Taken together, these insights about digital production, social stratification, and gang violence suggest that it’s time to start paying far more attention to culture when we talk about urban poverty and violence. By culture, I mean art, music, and other symbolic modes of expression. For too long, we’ve focused narrowly on the material factors driving urban disadvantage. Whether it’s social isolation amid the deindustrializing job market, a digital divide in the technology market, or gang disputes over the crack market, we’ve placed economic concerns at the very center of our thinking. But seemingly “immaterial” objects like online videos and social media uploads matter, too. Sometimes even more so. Drillers’ pursuit of online infamy shapes a host of outcomes that stretch well beyond their own lives and peer networks. As they traffic in sensational images of the ghetto, they actively reify the symbolic boundaries—the stereotypes and stigmas—that separate their communities from so-called normal, morally upstanding ones. When they’re pressed to defend their online reputations in the streets, they end up reproducing the objective conditions— the shootings, arrests, and homicides—that set their communities apart and fuel the stereotypes they’ll traffic in tomorrow.
What Comes Next?
In the pages that follow, I draw on my time alongside the Corner Boys to explain why, how, and with what consequences young people in disadvantaged neighborhoods are using digital social media to commodify violence and urban poverty. Chapter 1 puts the rise of drill, drillers, and their digital production practices into much-needed historical context. Chicago’s South Side has undergone pronounced changes over the past couple of decades. With the erosion of the once-booming crack market and the fracturing of the associated gang structure, young men have come to feel alienated from previous modes of economic survival. After watching a handful of neighbors and classmates gain fame and fortune on the back of violent social media content, young men like the Corner Boys are making the transition from the drug economy to the online attention economy.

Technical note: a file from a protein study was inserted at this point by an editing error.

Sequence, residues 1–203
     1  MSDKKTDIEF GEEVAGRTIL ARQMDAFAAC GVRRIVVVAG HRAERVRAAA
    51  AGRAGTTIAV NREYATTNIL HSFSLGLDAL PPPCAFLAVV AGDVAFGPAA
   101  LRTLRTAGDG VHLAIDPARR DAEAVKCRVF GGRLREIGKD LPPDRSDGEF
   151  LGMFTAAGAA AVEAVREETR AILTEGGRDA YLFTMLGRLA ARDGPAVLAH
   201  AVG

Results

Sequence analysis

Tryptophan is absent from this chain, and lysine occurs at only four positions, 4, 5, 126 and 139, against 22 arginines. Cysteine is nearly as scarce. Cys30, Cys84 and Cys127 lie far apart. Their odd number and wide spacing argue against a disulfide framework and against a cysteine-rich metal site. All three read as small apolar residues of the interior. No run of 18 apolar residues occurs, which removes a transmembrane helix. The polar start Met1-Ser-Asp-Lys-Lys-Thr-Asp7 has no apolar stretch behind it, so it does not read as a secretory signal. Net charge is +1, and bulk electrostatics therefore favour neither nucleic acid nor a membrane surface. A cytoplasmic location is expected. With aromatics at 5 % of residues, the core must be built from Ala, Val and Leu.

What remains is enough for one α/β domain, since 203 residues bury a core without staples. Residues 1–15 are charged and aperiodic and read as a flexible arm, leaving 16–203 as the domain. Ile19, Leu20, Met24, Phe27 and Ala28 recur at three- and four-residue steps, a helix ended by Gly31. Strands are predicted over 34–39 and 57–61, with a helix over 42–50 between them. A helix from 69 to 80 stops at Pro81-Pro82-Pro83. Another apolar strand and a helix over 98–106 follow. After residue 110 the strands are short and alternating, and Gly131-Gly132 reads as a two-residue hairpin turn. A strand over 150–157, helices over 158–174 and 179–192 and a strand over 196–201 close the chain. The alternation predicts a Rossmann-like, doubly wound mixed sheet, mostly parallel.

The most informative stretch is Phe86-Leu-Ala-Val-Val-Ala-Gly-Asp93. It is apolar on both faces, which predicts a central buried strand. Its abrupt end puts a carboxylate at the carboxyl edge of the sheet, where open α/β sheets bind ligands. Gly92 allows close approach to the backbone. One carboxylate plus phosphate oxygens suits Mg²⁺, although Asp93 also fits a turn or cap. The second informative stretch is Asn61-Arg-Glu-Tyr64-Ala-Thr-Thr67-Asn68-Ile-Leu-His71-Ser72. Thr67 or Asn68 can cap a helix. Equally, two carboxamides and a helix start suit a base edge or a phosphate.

Chapter 2 details how drillers create, upload, and disseminate their digital products. Running counter to talk of a digital divide, these young men exhibit serious ingenuity in bending social media to their needs. Over time, they’ve learned to manipulate search engine algorithms and exploit big data analytics to attract ever more clicks and views. Given their limited resources, however, they’re often forced to rely on the assistance of “support personnel,” who are often located across the city, across the country, and across the globe. As it turns out, some of those people most responsible for producing popular images of Chicago’s deadly streets have spent little, if any, time there. By exploring digital production practices, we begin to see that distant, non-gang-associated, and ostensibly “upstanding” citizens not only benefit from the commodification of ghetto stigma but are also implicated in its negative consequences.